Don’t Take Mugwort or Pennyroyal Herbs for Abortion, Experts Say


Days after the Supreme Court overturned Roe v. Wade and allowed states to ban abortion, some TikTok users have started featuring herbal teas they claim can induce abortion.

A TikTok that suggests mugwort tea can lead to miscarriage has nearly a million views. TikToks claiming mugwort and pennyroyal can induce abortion received thousands of views and remained on the site on July 6.

Many video creators tell viewers not to take the herbs (a method to avoid being shot by TikTok), while advising people in the comments on how to take them.

Although these herbs have a history of use in ancient cultures, herbalists and doctors advise against using them to induce abortion or miscarriage. Mugwort and pennyworth both contain ingredients known to be toxic in high doses, and women attempting abortions with the herbs have died.

“You don’t have to try things at home that you’ve learned on TikTok, because really a lot of those things aren’t tried and true,” Dr. Maria Sophocles, an OB/GYN based in New Jersey.

TikTok advises people to buy mugwort

TikTok users claim that herbs can cause abortion.


Artemisia-based abortion


Experts advise against using mugwort and pennyroyal to induce abortion

Sophocles said she would never recommend using herbal supplements to induce abortion. She said not only is the supplement industry unregulated, which means people can’t be sure the pill they’re getting has the ingredients listed on the label, but doctors can also have difficulty treating patients who take too much of an unregulated herb because there is no agreed-upon treatment. protocols.

The Herb Society of America, a nonprofit organization that advocates horticulture, told Insider that it also does not recommend using herbs for medical or health purposes.

Dr. Eden Fromberg is board certified in Obstetrician/Gynecologist Medicine and Integrative Holistic Medicine. Her practice combines medical testing and treatment with personalized nutrition and alternative therapies.

Fromberg said she understands people may seek out herbal options out of desperation, but consuming these herbs in large amounts can be dangerous and ineffective.

“I’m a holistic gynecologist and I take these things very seriously,” Fromberg said. “Usually if people ask me, oh, what herbs can I take to induce miscarriage, I often don’t share that information because I think it’s often misused.”

The History of Herbs and Supplements in Reproductive Health

Mugwort and pennyroyal, although used in traditional medicine, are lethal in high doses.

Mugwort is another name for “artemisa”, a subshrub native to parts of Europe and the United States that has been around for 3,000 years.

The leaves contain thujone, the same chemical compound found in wormwood. Thujone is toxic in high doses and can cause complications during pregnancy, according to the Herb Society of America.

Fromberg said mugwort in low doses isn’t harmful and is sometimes found in foods like mochi and soba noodles. Some people use mugwort lotion to reduce itchy scars, but research doesn’t show the herb can ease these symptoms, according to the National Center for Complementary and Integrative Health.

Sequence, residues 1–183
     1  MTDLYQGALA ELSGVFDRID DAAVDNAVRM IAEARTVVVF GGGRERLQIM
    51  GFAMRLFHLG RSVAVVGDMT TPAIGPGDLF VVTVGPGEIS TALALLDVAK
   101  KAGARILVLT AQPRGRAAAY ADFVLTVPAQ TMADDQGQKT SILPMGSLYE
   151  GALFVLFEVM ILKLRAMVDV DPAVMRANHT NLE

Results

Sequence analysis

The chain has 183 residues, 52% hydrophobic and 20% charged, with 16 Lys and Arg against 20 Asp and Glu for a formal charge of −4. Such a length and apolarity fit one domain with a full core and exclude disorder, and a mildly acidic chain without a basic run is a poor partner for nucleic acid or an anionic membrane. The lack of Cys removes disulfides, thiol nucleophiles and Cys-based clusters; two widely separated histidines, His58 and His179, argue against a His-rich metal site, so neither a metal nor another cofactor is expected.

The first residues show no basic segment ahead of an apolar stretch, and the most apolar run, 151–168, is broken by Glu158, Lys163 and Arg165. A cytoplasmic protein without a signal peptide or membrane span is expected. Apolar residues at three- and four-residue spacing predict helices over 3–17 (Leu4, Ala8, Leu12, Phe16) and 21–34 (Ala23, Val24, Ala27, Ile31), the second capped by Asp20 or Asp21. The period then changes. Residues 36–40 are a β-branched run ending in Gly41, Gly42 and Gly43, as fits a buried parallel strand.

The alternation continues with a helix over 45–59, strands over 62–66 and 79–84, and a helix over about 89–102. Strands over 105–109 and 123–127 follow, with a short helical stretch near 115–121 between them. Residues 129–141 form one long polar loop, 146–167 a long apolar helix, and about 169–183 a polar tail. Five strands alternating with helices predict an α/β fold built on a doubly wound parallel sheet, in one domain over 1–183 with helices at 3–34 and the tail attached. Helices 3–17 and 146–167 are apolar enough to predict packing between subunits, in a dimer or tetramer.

Xiao Yijiu/Xinhua via Getty Images

But Fromberg said an overdose of the herb “could become toxic.” A 2020 review of thujone research said the compound can cause neurotoxicity or nervous system disruption.

Pennyroyal is an herb native to parts of Europe and Asia and has been used in traditional Iranian medicine to treat gastrointestinal disorders.

It’s a member of the mint family that’s highly toxic in its essential oil form, Fromberg said. The essential oil form contains pulegone, a chemical compound that can be toxic to the liver and nervous system in high doses, according to the American Botanical Council.

No research has shown that pennyroyal essential oil can cause fetal death, according to a review published in the International Journal of Molecular Sciences.

According to Kaiser Permanente, the majority of acute poisonings and deaths from pennyroyal have occurred in cases of women attempting an abortion using the oil. In the 1990s, the father of a 24-year-old sued a weed seller when his daughter died after taking a high dose of pennyroyal, which left her convulsing, vomiting, bleeding uncontrollably and ultimately his death.

Instead of taking herbal supplements, a gynecologist says to stick with misoprostol

Sophocles said that while herbal supplements can have dangerous side effects, the main drug used for medical abortions, misoprostol, is safe and effective.

Misoprostol causes the uterus to contract and pushes the embryo or fetus out of the body.

Misoprostol tablet


James Keyser/Getty Images

“You don’t have to be desperate,” Sophocles said. “You don’t have to make scary herbal options that we know can be dangerous.”

The doctor added that there are abortion funds that can pay pregnant women for out-of-state care. Sophocles’ clinic, Women’s Healthcare of Princeton, provides people with free IUDs and other resources to help in crisis situations.

“I will always, always come to anyone’s aid,” she said. “We will do whatever we need to do to help women.”

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